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The Periodic Table of the Middle Class
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    « DON'T CALL IT A COMEBACK: THE ART OF SNEAKING BACK ONLINE | Main | Halloween Pumpkin as Status Symbol: A guide to Britain’s conspicuous carvers »

    The most MC TV ads you’ll see this Christmas

    For a concentrated shot of class values, this season’s much-discussed TV ads are a great place to go. There’s that Sainsbury’s ad of course (the one that rips off Paul McCartney’s Pipes of Peace), but you won’t find more juicy nuggets of insight into middle-class beliefs than in the John Lewis and Waitrose offerings.

    This year, their ads explore a theme close to middle-class hearts – the Sensitive Child. John Lewis brings us the tale of a boy with an imaginary penguin friend while Waitrose tells the story of a girl who overcomes her lack of confidence to run the school gingerbread stall.

    Parallels between the two ads are interesting. In both, the child is slightly at odds with their social environment. Not seriously, dysfunctionally out-of-kilter, just a little different, a little awkward. John Lewis Boy plays with his penguin while the other kids play together. Waitrose Girl looks awkwardly down while her classmates all shoot their hands up to be gingerbread nominee.

    What could be more middle class than that? The fantasy of the Sensitive Child means being special and different. There may be a price to pay in social awkwardness, but it’s well worth it.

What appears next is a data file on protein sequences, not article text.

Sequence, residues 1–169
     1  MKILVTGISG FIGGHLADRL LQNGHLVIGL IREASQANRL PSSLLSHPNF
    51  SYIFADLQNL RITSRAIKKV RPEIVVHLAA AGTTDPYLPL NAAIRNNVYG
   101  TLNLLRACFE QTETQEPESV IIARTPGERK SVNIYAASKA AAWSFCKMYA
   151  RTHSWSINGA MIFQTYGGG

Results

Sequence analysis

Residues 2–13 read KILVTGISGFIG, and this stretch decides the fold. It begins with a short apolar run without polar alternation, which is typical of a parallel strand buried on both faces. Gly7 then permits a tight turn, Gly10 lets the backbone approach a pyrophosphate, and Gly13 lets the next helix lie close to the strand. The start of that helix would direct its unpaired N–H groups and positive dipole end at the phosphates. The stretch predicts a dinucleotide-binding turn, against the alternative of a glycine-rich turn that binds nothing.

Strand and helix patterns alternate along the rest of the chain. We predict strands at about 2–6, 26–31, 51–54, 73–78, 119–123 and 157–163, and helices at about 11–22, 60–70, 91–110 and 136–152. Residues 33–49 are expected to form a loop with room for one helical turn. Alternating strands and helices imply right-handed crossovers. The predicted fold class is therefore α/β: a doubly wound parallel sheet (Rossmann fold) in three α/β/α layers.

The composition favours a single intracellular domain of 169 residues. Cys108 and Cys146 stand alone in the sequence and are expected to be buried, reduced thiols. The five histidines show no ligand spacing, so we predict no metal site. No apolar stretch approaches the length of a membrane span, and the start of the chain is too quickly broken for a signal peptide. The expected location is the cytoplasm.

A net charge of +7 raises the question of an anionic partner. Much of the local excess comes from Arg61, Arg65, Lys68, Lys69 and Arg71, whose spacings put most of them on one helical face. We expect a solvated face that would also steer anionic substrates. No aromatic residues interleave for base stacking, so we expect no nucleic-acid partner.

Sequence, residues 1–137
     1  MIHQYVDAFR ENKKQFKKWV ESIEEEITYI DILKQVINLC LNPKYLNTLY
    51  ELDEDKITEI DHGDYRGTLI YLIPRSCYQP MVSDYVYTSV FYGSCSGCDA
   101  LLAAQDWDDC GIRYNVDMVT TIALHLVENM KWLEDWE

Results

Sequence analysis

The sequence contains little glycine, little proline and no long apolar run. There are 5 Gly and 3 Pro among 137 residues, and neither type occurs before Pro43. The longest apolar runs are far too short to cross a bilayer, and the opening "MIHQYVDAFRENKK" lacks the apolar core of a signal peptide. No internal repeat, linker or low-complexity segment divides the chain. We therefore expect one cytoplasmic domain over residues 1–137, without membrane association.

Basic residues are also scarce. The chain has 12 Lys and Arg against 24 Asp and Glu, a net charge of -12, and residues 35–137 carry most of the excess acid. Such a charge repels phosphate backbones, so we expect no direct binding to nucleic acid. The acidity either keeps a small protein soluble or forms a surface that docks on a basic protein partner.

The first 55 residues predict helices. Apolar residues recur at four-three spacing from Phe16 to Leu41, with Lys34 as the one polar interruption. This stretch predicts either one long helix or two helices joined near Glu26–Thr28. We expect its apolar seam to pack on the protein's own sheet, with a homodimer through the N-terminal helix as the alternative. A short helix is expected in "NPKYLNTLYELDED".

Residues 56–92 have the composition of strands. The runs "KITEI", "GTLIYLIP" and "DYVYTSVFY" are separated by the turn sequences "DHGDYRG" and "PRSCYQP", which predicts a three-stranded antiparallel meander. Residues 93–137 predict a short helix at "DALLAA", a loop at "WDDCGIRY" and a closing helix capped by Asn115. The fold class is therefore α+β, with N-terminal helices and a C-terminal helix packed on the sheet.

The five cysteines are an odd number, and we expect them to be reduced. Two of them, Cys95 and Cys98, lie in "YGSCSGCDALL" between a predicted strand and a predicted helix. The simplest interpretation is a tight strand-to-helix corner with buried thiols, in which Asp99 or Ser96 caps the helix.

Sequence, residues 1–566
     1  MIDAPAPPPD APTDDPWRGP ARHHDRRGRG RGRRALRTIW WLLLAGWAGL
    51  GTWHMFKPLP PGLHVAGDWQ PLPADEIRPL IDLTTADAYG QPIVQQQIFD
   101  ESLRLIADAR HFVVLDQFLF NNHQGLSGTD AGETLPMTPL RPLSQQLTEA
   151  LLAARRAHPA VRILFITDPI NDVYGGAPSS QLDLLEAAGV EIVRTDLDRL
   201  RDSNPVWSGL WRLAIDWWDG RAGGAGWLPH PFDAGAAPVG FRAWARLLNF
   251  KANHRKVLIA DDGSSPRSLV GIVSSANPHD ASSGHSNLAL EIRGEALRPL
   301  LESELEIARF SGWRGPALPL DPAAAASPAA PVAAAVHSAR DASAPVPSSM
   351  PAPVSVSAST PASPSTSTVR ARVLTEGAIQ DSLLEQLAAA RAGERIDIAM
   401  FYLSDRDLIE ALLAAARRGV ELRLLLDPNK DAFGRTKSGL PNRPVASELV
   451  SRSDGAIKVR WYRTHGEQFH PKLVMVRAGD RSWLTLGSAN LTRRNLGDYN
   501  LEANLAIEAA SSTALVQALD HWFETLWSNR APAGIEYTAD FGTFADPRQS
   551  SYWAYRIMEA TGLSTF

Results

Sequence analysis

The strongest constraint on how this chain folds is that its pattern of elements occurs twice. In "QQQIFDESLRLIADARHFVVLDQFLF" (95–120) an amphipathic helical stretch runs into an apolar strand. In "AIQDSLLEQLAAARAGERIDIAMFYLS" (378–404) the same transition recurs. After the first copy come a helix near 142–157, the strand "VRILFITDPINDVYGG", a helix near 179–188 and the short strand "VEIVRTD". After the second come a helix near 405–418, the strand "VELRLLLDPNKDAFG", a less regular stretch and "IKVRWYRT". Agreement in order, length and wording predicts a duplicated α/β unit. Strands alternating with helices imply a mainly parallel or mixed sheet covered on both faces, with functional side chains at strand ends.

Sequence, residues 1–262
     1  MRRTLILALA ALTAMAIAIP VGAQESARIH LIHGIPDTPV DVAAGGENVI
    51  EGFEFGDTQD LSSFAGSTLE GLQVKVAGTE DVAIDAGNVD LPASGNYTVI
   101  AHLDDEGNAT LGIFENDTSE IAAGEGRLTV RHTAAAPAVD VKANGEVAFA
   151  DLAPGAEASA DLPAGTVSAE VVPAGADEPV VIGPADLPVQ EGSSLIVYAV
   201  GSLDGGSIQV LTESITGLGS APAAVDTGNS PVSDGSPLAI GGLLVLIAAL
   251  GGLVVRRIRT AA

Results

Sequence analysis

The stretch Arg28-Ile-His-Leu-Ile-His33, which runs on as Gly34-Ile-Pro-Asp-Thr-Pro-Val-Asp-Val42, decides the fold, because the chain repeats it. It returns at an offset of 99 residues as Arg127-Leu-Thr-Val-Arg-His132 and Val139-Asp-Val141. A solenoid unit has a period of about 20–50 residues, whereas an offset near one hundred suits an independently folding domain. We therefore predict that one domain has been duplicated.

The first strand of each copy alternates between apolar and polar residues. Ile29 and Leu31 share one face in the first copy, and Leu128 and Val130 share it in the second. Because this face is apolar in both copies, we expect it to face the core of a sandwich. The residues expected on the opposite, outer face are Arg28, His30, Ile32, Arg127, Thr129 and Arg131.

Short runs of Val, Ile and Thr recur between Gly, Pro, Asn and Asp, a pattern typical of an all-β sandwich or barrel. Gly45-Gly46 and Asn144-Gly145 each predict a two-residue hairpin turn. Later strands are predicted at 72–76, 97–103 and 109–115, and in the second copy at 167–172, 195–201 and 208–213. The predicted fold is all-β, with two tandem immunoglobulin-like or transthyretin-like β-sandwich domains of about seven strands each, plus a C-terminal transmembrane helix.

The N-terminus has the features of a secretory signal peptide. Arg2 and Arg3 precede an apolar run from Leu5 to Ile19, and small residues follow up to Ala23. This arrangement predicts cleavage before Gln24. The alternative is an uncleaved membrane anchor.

Another interesting feature of the ads is their sense of loneliness. John Lewis Boy and Waitrose Girl both have inner journeys to undertake in these ads – and as they do so they’re largely on their own. Caring parents look on with concern from a distance – OK, Waitrose Girl does get one hug. But deep down, life’s lessons have to be learned independently.

    That’s another major middle-class belief. You have to be self-reliant and can’t depend too much on other people. Life is an individual quest and not always something that’s easy to share.

    For a window onto a totally different universe, the Tesco ad is worth a look.

    No awkwardness and no sensitive children here – Christmas is an outer not an inner experience: about lights, sharing and fun, not long dark nights of the soul. Phew.

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